Bear Hug

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I received a unique gift this week. A friend of mine is gifted with the ability to sew and make unique creations. One of the ways that she blesses people is to take shirts or blankets belonging to someone special and for a minimal fee form a stuffed bear, providing a way to remember a loved one. I do not believe she has a name for this ministry of hers, but I think Bear Hug is an appropriate one.

Taking a shirt that had been Alan’s, she made this cute little guy for me. I found the shirt sitting in a box in the bottom of the closet. A couple of years ago I had given away most of Alan’s clothes. I am so glad that I was able to dig around and still find something that he had worn. While the shirt itself did me little good sitting in a box as a “keepsake,” this special Bear Hug can now give me more. As it sits on my bed, I gain comfort visually, feeling a connection to my loved one. The pleasure of squeezing and holding my Bear Hug provides a physical touch that is missing in my life these days too.

As I reflect upon what it took for me to receive my Bear Hug – giving up a treasured shirt – I realize that much of the grief journey is also a give and take. Since life is no longer the same as it once was, it is necessary to be willing to change and adapt along the way.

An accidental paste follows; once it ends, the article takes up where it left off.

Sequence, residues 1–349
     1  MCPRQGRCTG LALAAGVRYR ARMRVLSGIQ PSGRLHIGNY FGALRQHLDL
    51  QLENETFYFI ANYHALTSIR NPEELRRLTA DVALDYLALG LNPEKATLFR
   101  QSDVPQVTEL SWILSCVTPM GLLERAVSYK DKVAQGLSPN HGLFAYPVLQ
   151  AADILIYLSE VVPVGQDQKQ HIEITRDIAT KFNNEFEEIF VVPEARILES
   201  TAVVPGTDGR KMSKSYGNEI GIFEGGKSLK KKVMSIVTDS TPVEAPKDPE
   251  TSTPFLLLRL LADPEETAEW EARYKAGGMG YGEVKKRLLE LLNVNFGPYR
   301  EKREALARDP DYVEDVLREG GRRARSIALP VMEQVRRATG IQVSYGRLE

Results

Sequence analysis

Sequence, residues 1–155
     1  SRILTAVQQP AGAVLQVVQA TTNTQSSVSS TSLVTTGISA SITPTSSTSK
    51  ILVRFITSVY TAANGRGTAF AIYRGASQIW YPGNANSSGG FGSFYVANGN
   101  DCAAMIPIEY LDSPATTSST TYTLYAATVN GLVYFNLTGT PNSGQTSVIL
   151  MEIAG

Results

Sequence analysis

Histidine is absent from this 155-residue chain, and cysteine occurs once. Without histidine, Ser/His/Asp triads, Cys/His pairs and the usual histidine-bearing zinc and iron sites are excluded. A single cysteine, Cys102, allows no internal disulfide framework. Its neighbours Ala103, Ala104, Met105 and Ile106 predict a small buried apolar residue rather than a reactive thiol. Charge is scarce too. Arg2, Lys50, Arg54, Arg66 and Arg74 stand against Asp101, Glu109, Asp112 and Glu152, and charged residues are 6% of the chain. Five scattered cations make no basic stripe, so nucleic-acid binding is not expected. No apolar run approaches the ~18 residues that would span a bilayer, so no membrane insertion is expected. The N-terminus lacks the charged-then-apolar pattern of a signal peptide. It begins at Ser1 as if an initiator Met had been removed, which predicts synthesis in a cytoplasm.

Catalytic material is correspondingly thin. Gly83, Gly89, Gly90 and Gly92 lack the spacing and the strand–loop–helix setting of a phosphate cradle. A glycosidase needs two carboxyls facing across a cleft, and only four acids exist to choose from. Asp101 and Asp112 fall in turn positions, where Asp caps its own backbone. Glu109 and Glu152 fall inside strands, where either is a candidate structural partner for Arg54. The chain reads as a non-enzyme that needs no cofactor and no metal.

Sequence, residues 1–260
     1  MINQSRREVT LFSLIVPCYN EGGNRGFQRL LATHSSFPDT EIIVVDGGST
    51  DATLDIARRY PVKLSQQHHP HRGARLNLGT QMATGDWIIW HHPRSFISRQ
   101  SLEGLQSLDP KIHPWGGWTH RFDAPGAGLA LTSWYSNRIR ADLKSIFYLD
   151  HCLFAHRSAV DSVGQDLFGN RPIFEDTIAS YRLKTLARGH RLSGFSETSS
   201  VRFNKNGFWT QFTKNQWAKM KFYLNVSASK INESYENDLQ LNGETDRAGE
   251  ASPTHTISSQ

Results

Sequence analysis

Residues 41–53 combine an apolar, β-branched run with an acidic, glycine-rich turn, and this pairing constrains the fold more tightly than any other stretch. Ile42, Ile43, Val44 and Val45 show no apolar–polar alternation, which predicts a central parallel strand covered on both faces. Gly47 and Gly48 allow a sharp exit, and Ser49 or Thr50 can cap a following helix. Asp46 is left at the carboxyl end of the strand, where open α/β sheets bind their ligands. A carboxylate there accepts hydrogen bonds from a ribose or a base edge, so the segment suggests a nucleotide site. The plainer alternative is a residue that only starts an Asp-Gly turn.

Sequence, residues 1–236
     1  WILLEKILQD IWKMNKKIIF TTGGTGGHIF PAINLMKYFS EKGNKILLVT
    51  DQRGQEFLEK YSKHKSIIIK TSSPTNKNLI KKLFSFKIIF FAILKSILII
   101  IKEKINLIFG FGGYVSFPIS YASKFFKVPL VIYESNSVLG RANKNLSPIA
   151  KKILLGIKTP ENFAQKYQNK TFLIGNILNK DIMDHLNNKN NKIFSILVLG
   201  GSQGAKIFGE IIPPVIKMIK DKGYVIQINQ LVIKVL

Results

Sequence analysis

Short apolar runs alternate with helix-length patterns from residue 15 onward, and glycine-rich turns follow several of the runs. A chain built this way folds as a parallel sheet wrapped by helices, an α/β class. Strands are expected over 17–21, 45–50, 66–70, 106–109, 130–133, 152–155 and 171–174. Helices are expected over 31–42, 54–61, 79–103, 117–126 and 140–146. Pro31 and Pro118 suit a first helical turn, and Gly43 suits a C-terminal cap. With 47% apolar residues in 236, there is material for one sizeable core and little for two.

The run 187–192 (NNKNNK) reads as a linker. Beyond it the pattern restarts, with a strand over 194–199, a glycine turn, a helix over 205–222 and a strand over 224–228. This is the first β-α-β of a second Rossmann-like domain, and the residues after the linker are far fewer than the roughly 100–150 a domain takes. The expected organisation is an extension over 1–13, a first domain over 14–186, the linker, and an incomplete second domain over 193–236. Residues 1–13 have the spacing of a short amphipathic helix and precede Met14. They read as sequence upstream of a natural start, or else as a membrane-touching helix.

Some days that means hanging on for dear life to memories of the familiar. Other days it means releasing what you have known and clung to in order to receive something better. There is not always logic in how grieving people view possessions. At times they seem to be the only connection left to your loved one. That is when you must realize your memories are really the treasures. The time you spent with your loved one cannot be lost nor taken away. While there is nothing wrong with holding onto a few keepsakes, there are times those items might have a better use.

For example, living in the Denver, Colorado area, our winters get pretty cold. My new Bear Hug helped me have the courage to dig through a final sack in the closet. I decided that giving away a couple of coats for the homeless to use this winter served a better and bigger purpose. The fear of forgetting and allowing memories to grow dim is connected with letting go of the last personal items I had stored. Yet, I realized that no one can take away the memories I hold in my heart.

So I spent some time burying my face in his coats, breathing in the scent that still lingered. Then I carefully searched the pockets again making sure they were empty, lovingly refolded the garments, and placed them in a clean, labeled bag, getting them ready for pick up yesterday.

As you make progress in your journey of grief, I pray you will find comfort and satisfaction in blessing people as you continue learning to release and give away to help others. If you are interested in a Bear Hug of your own, you can comment on this blog or email me at [email protected] for more information.

Until next time –

Karen

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Grief Letters By Karen Bransgrove, Published by WestBow Press. You can order here.

Hardcover | 6 x 9 in | 114 pages | ISBN 9781490869674

Softcover | 6 x 9 in | 114 pages | ISBN 9781490869667

E-Book | 114 pages | ISBN 9781490869650

Also available at Amazon and Barnes and Noble.

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